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Parts of the Somnium were clearly autobiographical. The hero, for example, visits Tycho Brahe. He has parents who sell drugs. His mother consorts with spirits and daemons, one of whom eventually provides the means to travel to the moon. The Somnium makes clear to us, although it did not to all of Kepler’s contemporaries, that “in a dream one must be allowed the liberty of imagining occasionally that which never existed in the world of sense perception.” Science fiction was a new idea at the time of the Thirty Years’ War, and Kepler’s book was used as evidence that his mother was a witch.
In the midst of other grave personal problems, Kepler rushed to Württemberg to find his seventy-four-year-old mother chained in a Protestant secular dungeon and threatened, like Galileo in a Catholic dungeon, with torture. He set about, as a scientist naturally would, to find natural explanations for the various events that had precipitated the accusations of witchcraft, including minor physical ailments that the burghers of Württemberg had attributed to her spells. The research was successful, a triumph, as was much of the rest of his life, of reason over superstition. His mother was exiled, with a sentence of death passed on her should she ever return to Württemberg; and Kepler’s spirited defense apparently led to a decree by the Duke forbidding further trials for witchcraft on such slender evidence.
The upheavals of the war deprived Kepler of much of his financial support, and the end of his life was spent fitfully, pleading for money and sponsors. He cast horoscopes for the Duke of Wallenstein, as he had done for Rudolf II, and spent his final years in a Silesian town controlled by Wallenstein and called Sagan. His epitaph, which he himself composed, was: “I measured the skies, now the shadows I measure. Sky-bound was the mind, Earth-bound the body rests.” But the Thirty Years’ War obliterated his grave. If a marker were to be erected today, it might read, in homage to his scientific courage: “He preferred the hard truth to his dearest illusions.”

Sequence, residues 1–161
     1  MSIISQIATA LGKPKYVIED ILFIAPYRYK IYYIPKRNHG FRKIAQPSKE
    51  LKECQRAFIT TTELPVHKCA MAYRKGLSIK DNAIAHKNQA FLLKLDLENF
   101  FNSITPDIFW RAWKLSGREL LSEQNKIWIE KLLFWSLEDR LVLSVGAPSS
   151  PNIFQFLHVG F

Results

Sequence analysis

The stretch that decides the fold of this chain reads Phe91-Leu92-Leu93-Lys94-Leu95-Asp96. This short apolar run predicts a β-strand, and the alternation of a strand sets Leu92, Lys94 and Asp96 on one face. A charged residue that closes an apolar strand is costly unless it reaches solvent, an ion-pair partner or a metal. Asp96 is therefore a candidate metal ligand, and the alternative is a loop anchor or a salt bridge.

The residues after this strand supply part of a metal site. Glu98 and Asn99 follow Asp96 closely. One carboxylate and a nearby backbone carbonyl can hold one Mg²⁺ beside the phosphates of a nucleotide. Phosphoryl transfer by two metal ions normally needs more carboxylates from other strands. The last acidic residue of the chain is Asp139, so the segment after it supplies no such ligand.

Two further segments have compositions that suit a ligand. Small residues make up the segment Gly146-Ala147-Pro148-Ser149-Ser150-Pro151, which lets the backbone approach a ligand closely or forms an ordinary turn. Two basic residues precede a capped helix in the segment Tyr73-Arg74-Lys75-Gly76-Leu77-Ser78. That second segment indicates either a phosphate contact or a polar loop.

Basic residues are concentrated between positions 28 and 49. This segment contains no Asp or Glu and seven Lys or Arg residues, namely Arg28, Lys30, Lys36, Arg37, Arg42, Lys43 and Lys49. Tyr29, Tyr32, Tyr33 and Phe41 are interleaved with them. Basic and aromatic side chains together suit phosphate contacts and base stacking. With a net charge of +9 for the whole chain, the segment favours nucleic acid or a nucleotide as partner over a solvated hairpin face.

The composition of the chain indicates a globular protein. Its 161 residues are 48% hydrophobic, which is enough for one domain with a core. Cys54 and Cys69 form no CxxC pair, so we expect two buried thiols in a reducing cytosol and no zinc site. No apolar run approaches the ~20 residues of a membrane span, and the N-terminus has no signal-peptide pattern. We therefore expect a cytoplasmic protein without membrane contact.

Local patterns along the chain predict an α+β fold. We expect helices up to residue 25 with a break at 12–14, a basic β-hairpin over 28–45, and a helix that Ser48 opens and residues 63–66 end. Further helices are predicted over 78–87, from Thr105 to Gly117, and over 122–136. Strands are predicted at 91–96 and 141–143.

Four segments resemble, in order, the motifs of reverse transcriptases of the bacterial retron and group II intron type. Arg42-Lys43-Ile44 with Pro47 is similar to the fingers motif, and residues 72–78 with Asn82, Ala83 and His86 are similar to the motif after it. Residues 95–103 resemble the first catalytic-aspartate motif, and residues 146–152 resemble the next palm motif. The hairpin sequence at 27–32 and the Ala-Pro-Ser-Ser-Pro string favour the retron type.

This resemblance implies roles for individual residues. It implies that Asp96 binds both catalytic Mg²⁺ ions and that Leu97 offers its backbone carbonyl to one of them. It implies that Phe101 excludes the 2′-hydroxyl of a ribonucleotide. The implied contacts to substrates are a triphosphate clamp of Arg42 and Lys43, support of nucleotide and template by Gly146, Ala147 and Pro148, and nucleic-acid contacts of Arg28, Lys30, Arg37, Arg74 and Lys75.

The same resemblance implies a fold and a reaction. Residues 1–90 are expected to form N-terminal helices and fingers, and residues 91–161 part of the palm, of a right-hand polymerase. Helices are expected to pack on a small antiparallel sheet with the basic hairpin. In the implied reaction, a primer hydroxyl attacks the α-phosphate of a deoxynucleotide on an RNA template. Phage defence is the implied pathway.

Johannes Kepler believed that there would one day be “celestial ships with sails adapted to the winds of heaven” navigating the sky, filled with explorers “who would not fear the vastness” of space. And today those explorers, human and robot, employ as unerring guides on their voyages through the vastness of space the three laws of planetary motion that Kepler uncovered during a lifetime of personal travail and ecstatic discovery.
The lifelong quest of Johannes Kepler, to understand the motions of the planets, to seek a harmony in the heavens, culminated thirty-six years after his death, in the work of Isaac Newton. Newton was born on Christmas Day, 1642, so tiny that, as his mother told him years later, he would have fit into a quart mug. Sickly, feeling abandoned by his parents, quarrelsome, unsociable, a virgin to the day he died, Isaac Newton was perhaps the greatest scientific genius who ever lived.
Even as a young man, Newton was impatient with insubstantial questions, such as whether light was “a substance or an accident,” or how gravitation could act over an intervening vacuum. He early decided that the conventional Christian belief in the Trinity was a misreading of Scripture. According to his biographer, John Maynard Keynes,
He was rather a Judaic Monotheist of the school of Maimonides. He arrived at this conclusion, not on so-to-speak rational or sceptical grounds, but entirely on the interpretation of ancient authority. He was persuaded that the revealed documents gave no support to the Trinitarian doctrines which were due to late falsifications. The revealed God was one God. But this was a dreadful secret which Newton was at desperate pains to conceal all his life.